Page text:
Noon News: AntiSec Releases Sensitive Data, Google Swiffy Converts Flash To HTML 5, Orange Unveils Monte Carlo

Newly formed hacker collective AntiSec has released a truckload of sensitive data belonging to various governments as well as entertainment companies Universal Music Group and Viacom. AntiSec, which is comprised of members of the disbanded hacker group LulzSec and Anonymous, released a batch of files for download on file sharing platform The Pirate Bay on Tuesday.

Google developed new software to convert Flash files into HTML5, which can be rendered on devices without Flash support. According to tech website CNET, Google launched this latest web-based tool in its Google Labs called Swiffy which will enable users to convert a Flash-supported file to HTML5 so that it can be used on devices that do not support Adobe’s Flash Technology, most notably Apple's iPhone and iPad.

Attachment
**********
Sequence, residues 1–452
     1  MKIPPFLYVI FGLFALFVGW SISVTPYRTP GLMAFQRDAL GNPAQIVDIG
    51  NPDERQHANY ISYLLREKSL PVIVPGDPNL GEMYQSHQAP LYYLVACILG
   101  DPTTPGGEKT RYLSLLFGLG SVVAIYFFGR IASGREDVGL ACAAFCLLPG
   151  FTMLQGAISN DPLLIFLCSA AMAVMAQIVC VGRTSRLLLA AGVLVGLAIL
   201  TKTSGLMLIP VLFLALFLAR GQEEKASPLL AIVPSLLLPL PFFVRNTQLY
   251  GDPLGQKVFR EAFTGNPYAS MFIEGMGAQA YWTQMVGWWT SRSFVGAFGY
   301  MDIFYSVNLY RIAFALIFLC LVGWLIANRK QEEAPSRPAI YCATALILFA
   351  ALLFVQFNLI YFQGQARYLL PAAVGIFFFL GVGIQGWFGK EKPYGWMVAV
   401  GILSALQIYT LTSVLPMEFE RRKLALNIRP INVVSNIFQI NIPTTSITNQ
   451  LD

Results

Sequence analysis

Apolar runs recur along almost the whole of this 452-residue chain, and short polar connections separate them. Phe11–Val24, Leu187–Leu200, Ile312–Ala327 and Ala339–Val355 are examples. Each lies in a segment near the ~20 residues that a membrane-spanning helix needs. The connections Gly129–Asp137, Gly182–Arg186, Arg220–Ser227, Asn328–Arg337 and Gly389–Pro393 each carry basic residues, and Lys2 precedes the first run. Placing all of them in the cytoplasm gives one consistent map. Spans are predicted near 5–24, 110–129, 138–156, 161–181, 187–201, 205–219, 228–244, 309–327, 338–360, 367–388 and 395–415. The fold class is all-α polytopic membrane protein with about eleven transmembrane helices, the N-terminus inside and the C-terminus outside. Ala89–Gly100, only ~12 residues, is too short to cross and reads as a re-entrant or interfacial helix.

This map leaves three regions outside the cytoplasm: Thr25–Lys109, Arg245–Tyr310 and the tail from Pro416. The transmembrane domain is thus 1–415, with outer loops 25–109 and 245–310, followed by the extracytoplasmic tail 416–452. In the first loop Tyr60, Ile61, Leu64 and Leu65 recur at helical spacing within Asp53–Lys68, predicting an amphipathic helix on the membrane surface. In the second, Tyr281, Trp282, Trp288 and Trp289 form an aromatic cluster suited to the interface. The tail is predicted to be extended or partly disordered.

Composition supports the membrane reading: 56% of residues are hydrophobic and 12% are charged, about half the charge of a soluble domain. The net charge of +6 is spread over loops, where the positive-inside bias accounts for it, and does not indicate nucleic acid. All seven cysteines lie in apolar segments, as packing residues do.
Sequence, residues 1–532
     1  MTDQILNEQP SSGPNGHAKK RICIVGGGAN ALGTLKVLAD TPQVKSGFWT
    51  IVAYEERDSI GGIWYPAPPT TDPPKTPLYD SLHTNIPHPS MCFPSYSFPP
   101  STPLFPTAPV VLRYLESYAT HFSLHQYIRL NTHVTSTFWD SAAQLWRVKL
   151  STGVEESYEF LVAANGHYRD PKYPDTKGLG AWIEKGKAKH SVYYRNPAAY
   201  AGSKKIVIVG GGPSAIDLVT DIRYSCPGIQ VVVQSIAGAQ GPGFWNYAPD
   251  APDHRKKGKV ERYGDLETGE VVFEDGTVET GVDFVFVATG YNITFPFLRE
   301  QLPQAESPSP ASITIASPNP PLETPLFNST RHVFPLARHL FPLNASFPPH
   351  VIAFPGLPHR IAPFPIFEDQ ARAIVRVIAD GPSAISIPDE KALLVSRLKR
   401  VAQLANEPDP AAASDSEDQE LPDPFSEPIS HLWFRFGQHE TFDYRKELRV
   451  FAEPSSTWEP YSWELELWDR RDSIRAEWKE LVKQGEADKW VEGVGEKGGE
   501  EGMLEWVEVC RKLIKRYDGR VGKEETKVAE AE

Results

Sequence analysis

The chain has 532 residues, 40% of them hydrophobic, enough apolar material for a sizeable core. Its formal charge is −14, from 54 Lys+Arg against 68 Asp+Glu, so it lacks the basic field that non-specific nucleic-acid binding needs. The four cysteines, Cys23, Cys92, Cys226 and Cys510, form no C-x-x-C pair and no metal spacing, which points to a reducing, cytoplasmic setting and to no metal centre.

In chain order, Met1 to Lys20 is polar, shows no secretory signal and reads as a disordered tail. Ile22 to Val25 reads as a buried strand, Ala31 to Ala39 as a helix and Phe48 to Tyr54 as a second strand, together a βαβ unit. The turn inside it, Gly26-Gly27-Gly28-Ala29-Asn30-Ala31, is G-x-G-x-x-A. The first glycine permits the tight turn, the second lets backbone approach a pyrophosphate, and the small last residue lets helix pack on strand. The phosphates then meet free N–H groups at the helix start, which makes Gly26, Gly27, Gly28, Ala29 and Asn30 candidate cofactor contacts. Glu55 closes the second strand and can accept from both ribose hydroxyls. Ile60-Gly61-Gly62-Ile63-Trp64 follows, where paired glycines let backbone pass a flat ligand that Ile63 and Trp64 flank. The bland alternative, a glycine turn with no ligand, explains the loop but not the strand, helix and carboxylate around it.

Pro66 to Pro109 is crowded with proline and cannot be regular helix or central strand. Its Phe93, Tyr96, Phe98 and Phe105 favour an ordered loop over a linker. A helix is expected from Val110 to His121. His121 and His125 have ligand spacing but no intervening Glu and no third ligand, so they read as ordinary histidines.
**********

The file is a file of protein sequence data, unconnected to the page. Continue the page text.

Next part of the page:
Online retail giant Amazon has come up with its own ad network, a move that is likely to strengthen the company’s hold in the ad business. It’s been a while since Google emerged as the king of the online ad business, driven largely by its strength in the online search market. But this newly launched ad network by Amazon could shake things up quite a bit.

The ZTE Skate, which we saw at Mobile World Congress, has finally been released in the UK and renamed by Orange as the Monte Carlo; the mobile phone operator ought to have high hopes on this model given the success of its predecessor, the Orange San Francisco, AKA ZTE Blade or OSF.

Educational products manufacturer LeapFrog has launched LeapPad, a computer tablet aimed at helping children learn. LeapFrog Enterprises, an Emeryville, California-based company which designs and develops educational toys has developed an alternative for the latest range of computer tablets put out by tech companies like Apple and Samsung, IB Times reports.